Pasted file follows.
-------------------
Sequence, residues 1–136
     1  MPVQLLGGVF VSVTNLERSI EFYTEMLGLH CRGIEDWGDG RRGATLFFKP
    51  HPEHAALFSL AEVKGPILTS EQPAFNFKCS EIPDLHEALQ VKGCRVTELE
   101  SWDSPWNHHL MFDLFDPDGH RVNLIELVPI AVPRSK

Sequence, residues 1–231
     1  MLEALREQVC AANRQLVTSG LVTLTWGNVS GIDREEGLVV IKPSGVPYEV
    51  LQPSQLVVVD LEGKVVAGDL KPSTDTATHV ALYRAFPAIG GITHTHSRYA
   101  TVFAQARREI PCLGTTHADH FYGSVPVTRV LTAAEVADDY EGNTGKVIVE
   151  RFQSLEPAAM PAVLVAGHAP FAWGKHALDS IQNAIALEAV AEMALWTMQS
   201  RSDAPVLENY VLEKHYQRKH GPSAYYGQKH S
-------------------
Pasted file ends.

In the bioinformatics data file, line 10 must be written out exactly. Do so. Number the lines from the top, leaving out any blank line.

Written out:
   201  RSDAPVLENY VLEKHYQRKH GPSAYYGQKH S